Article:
Perhaps the perfect place to start explaining my interest in becoming active in the autism community is my own experience living with the disorder. I was diagnosed in preschool but it was six years later when I was in fifth grade when I finally learned about what autism was. I began to notice that my peers were changing in terms of developing more mature interests whilst I stayed the same. As I entered middle school, the feeling of knowing I was different was excacerbated. The teenage years can be very complicated for anyone, but it was a magnified experience for me. I noticed that my peers in middle school were so interested in fitting in and being part of a large social group. I found that to be very perplexing and did not understand why middle schoolers became so interested on the approval of others and the "coolness" factor. My autism made me oblivious to the shallowness of middle school culture.
Like so many other people who first learn about autism, I decided to research what it was. Unfortunately, in the early to mid 2000's there was a lot of negative information about autism as a set of deficits. There were no active autistic-runned or neurodiverse organizations that were in existence back then. A lot of information about the condition was written by neurotypical parents and professionals. As a consequence of these deficit based narratives about autism, my self esteem and self confidence took a steep dive. I felt that everything about me (my habits, behaviors and interests) was flawed and needed to be fixed. Although the people around me had the best of intentions of trying to help me, they sometimes did things that I perceived as "harmful." A few examples of this was the ABA agency that tried to extinguish my jumping in middle school, to this article on Newsweek magazine in which my mom and I were featured that discusses intimate details of how I struggled to develop teen interests as well as being sent away to a summer a life skills bootcamp at my therapist's suggestion during the summer of my senior year of high school that felt like being placed under a microscope in terms of my abilities. These experiences in my life as well as the medical model of autism that I grew up with made me felt marginalized growing up. I felt that I did not fit in anywhere nor fit in the tight categories or boxes" that society has made for the various labels that inhabit our identities.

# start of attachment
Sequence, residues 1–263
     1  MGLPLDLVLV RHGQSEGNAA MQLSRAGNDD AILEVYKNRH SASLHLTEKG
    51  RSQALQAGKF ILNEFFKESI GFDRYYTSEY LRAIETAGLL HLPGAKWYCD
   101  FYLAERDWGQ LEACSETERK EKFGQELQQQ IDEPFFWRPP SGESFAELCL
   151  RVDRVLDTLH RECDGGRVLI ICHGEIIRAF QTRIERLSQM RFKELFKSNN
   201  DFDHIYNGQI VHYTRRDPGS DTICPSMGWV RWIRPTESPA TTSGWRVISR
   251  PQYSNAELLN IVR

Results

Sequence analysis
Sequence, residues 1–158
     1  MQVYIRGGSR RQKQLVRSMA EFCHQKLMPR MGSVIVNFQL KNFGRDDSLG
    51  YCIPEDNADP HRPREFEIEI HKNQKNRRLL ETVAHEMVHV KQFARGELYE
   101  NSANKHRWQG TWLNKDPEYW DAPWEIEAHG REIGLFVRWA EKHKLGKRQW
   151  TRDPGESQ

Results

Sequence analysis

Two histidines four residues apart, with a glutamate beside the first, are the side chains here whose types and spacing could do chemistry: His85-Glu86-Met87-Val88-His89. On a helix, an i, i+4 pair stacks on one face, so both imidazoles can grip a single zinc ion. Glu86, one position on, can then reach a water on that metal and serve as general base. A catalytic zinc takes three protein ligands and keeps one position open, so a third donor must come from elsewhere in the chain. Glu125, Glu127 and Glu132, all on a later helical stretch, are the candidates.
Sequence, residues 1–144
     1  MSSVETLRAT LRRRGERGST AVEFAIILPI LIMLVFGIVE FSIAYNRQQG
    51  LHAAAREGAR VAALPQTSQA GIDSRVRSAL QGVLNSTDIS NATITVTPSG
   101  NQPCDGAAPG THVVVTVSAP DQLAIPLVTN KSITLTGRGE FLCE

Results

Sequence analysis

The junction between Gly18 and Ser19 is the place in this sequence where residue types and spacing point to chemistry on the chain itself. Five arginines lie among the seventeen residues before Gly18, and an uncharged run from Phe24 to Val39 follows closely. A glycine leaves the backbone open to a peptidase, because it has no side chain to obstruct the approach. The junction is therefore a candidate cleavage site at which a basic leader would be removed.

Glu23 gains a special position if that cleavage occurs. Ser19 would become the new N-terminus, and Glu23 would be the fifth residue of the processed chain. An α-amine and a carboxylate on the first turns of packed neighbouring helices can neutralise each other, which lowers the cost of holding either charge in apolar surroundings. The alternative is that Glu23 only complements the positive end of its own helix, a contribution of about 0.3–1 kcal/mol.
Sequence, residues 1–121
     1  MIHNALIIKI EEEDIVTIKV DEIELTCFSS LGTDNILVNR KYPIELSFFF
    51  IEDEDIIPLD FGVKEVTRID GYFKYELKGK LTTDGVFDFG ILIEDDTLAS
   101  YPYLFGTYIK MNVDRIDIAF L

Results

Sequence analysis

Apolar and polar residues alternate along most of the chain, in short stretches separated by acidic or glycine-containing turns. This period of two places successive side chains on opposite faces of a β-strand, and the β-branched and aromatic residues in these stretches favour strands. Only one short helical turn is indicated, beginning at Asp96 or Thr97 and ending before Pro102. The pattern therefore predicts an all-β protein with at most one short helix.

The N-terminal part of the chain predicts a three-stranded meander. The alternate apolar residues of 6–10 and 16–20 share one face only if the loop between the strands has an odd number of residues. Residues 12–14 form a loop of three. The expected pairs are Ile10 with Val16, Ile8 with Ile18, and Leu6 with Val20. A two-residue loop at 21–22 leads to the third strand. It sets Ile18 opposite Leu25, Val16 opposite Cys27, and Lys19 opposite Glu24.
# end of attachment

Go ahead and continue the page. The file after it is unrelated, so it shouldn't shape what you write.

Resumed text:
When I entered adulthood, the stigmatization of autism and my strong urge to become an advocate for autism was more evident due to the relative absence of autistic voices in this age group. Again, this is tied to the fact that up until recently, the discussion on autism was dominated by people who have second hand accounts on the disorder. As a result of a lack of adequate resources for autistic adults, I had to navigate the first few years out of high school on my own. That was perhaps the hardest time of my life to navigate. To this day, I still find it hard to live in a society built for neurotypicals . To make matters worse, there continues to be an erasure of adult autistics by others who continue to infantilize the disorder by referring to children when writing about the disorder. My experience as a teenager as well as my current experience of being a young adult with autism has lit the flame of being interested in social justice for people with autism.
I became an autism advocate because I don't want any young person with autism to grow up with society telling them they are broken and to enter adulthood feeling insecure about their identity. I suffered from low self confidence as a result of being aware of the destructive messages about my disability that I was exposed to growing up and to this day I am still working to overcome. I am also sick and tired of the autism conversation to be dominated by people who actually don't live with the condition. I am tired of all the negative stereotypes that plagues autistic people (we lack empathy/considerate of other people's feelings). I wanted to add my voice to the growing number of autistic voices, because I feel there are a lot of topics about autism that are ignored or not given much attention in the wider community. I want the world to know that adults with autism do exist and that we deserve to have supports and accommodations too. It is not only autistic adults that are virtually ignored, but also autistics who live with another marginalized identity( a person of color, female, and LGBT) who are pushed to the sidelines on the autism conversation. I wanted to give voice to the voiceless or the underdogs in the autism community
This is why I wrote a autobiography about my experience, started a blog and present to groups about living with autism. I wanted to give others (especially neurotypicals) a perspective of what it's like waking up everyday and having to face a world that was not built for you and that refuses to accommodate people with disabilities. I want to challenge existing paradigms about autism such as age appropriate interests and functioning labels. Me and other autistic self advocates are showing the world that normal is "just a setting on a washing machine."
|Image: Me with Agnes, Margo and Edith from Despicable Me taken on a trip to Universal Studios for my 25th Birthday.|